11. Agreement about favorable export buyers credit for infrastructure at the Kompong Trabaek River in Prey Veng
  12. Agreement about favorable export buyers credit for the project to construct the National Road from Sen Monorum to Dac Dam in Mondolkiri
  13. Agreement about favorable export buyers credit for the project to construct power lines to distribute electricity to areas around Phnom Penh
  14. Agreement on transport and infrastructure cooperation
These agreements are very vague. The concessional loans would qualify as official development assistance or ODA, but according to DAC rules, the favorable ("preferential") export buyers credits would not qualify as ODA. Even if they were concessional, they would not be reported as ODA by the Chinese if they were following DAC rules. (For me, this list raises even more mysteries. Why are some roads financed by concessional loans and some by preferential export buyers credits?)

Could the list above add up to $1.2 billion? Perhaps, although it seems unlikely to me. But even if the figure of $1.2 billion is realistic, remember that these are agreements for projects that will take place over some years to come. Chinese aid is rising sharply, but it would be an error to view "aid" as rising from "$600 million" to "$1.2 billion" and then compare this with annual ODA commitments from wealthier donors. On an annual basis, ODA from China to Cambodia is likely to follow the trend set by Japan, which has also been concentrated in transportation, and which has averaged around $100 million per year.

One last point: Brendan Brady, a journalist based in Cambodia, wrote in a story on that the $1.2 billion referred to Chinese investment. In fact, Chinese companies want to invest in at least two new, large BOT hydropower projects that will, together, cost around $1.1 billion. At least one of these has secured finance from China Eximbank. This could have been part of the discussion in December and the $1.2 billion. But more on that in a subsequent post.

Friday, May 14, 2010

China in Nigeria: Power Myths & Realities

How many times have you read that "China" is building the Mambila Hydropower Project in Nigeria? Folks, as of right now, this project is moribund.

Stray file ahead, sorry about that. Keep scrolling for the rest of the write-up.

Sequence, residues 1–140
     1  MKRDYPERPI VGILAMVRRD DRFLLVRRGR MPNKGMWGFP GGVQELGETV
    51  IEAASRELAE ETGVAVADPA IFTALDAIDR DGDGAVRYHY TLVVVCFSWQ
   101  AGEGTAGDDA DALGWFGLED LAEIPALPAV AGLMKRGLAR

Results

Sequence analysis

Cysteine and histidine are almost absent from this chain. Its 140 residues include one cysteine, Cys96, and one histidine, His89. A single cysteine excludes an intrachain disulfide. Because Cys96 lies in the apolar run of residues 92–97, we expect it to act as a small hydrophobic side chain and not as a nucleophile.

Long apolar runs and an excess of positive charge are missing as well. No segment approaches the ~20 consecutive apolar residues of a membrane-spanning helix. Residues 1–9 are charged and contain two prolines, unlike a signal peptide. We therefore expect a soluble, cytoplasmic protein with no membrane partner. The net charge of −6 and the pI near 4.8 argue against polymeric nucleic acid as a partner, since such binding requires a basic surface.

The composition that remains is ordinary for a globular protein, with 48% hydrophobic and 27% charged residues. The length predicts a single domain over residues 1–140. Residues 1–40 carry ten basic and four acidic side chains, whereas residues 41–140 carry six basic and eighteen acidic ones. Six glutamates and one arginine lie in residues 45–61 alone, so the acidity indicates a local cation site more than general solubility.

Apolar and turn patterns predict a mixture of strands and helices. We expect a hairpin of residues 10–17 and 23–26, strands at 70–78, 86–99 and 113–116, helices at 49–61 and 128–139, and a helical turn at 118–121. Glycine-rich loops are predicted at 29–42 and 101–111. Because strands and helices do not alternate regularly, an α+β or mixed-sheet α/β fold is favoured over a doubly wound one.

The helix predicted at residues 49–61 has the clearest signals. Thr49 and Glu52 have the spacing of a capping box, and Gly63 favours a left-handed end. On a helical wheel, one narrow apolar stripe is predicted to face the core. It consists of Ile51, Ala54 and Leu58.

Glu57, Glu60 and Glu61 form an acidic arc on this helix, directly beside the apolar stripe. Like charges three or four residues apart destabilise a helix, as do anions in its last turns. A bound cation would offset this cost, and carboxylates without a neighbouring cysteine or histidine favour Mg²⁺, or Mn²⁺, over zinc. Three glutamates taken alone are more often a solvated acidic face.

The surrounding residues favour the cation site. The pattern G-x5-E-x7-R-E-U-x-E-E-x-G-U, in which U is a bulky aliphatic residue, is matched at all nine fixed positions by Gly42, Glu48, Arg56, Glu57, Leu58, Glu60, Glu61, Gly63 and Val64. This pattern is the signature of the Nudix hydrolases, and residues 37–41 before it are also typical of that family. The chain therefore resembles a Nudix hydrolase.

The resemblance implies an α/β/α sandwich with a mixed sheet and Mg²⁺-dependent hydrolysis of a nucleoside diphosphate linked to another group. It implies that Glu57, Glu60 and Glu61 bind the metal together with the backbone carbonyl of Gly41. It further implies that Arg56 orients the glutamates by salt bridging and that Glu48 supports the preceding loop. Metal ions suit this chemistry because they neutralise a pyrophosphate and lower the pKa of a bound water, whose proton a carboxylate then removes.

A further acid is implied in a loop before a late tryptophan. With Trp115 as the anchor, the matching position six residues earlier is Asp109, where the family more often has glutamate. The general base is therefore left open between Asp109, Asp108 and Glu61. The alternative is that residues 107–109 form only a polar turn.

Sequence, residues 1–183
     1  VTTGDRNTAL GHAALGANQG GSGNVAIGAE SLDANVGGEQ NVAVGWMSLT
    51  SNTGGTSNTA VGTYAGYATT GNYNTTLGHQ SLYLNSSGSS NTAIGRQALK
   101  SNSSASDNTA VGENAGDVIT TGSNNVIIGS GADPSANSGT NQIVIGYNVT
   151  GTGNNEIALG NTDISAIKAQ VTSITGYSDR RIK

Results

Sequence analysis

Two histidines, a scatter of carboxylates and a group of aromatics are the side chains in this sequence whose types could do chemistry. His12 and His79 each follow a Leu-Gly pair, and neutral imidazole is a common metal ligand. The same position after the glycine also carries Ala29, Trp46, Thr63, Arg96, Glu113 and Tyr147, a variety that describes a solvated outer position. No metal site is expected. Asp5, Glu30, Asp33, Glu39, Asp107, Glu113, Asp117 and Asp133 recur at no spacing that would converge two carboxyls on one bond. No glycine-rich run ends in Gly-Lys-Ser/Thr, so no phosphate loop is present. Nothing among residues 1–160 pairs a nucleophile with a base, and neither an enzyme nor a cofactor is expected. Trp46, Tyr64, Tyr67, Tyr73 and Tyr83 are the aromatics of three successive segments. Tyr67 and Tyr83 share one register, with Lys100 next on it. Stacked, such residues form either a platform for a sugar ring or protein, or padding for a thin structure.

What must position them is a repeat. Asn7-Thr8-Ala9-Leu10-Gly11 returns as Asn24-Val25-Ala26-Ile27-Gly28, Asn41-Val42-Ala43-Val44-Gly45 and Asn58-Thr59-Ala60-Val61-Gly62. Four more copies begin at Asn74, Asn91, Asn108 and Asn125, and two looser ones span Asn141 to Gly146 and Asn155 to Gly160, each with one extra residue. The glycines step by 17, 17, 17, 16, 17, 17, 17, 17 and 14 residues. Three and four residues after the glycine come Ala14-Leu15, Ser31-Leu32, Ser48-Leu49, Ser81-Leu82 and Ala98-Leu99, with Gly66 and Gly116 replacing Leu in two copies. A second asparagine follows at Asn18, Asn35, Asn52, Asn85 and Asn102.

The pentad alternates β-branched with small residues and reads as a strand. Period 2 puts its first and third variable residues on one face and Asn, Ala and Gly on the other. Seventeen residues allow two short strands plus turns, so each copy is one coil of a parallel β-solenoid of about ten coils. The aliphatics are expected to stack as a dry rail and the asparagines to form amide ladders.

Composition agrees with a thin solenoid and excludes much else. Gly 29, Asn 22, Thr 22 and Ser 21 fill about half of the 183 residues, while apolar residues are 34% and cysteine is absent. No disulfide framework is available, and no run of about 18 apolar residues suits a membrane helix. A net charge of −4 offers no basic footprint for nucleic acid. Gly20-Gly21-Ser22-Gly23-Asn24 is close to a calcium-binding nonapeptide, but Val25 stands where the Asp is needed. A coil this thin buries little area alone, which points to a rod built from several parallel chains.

Yes, two Chinese companies, China Gezhouba Group Corporation (CGGC) and China Geo-Engineering Corporation (CGC), signed a contract to construct the dam. But the expected China Eximbank financing was never finalized. The Mambila dam fell victim to the review of President Obasanjo's murky "oil-for-infrastructure" deals ordered by his successor, the late President Yar'Adua, in October 2007. This was nicely detailed in an August 2009 Chatham House report, Thirst for Oil. The Chinese companies have a contract, but without secure financing, the project will not go forward.

Nigeria does have two real cases of Chinese power plant construction, however. Two sites (Papalanto/Olorunsogo and Omotosho) were chosen for multi-phase gas-fired power plants, and both contracts were signed in 2002. Both had Chinese financing, almost certainly suppliers' credits from the two companies. (I was given a copy of the terms of these Chinese loans:  $114.9 million each, for two 335MW power plants, signed in 2002, at 6% interest, a grace period of 6 years, maturity in 12 years.)

As opposed to hydropower dams, which use a renewable resource, but are controversial for their environmental and social disruption, gas power plants use a natural resource that Nigeria has in abundance, yet is currently wasting in useless flares (see photos above and below, courtesy of BBC). Each site was projected to reach 1000+MW over time. For the first phase of 335MW, as former president Obasanjo recounted in "My Power Plant Story" (May 12, 2008):
We had to seek loan from China at concessionary rate to support two of the sites ... Omotosho and Papalanto [Olorunsogo] were built to the point of commission before I left government in May 2007. As at today, Papalanto [Olorunsogo], Omotosho ... are generating power for the grid. 
Obasanjo also pointed out that Omotosho and Papalanto/Olorunsogo were slated for expansion, and Nigeria did launch second phases at both sites. According to a January 30, 2010 investigative report in the Nigeria Compass by lead reporter Charles Okonji:
  • China National Machinery and Equipment Company (CMEC), the major state-owned firm which had completed the first phase, was awarded the EPC (Engineering, Procurement, and Construction) contract for Phase II of the Omotosho plant, for 750MW of additional thermal power.
  • Shandong No. 3 Electric Power Construction Corporation (SEPCO III), the smaller Chinese firm that built the first phase of Papalanto, was also awarded the contract for the second phase of 750MW at Papalanto [Olorunsogo].
However, China Eximbank did not finance the second phase of Omotosho, where the Nigerian government defaulted on the financing after providing a down payment. The work stalled. Omotosho is reportedly being pruned down to 500MW. At Papalanto, apparently financing was secured and the work on the 750MW expansion was said to be close to completion with a projected June 2010 commissioning date.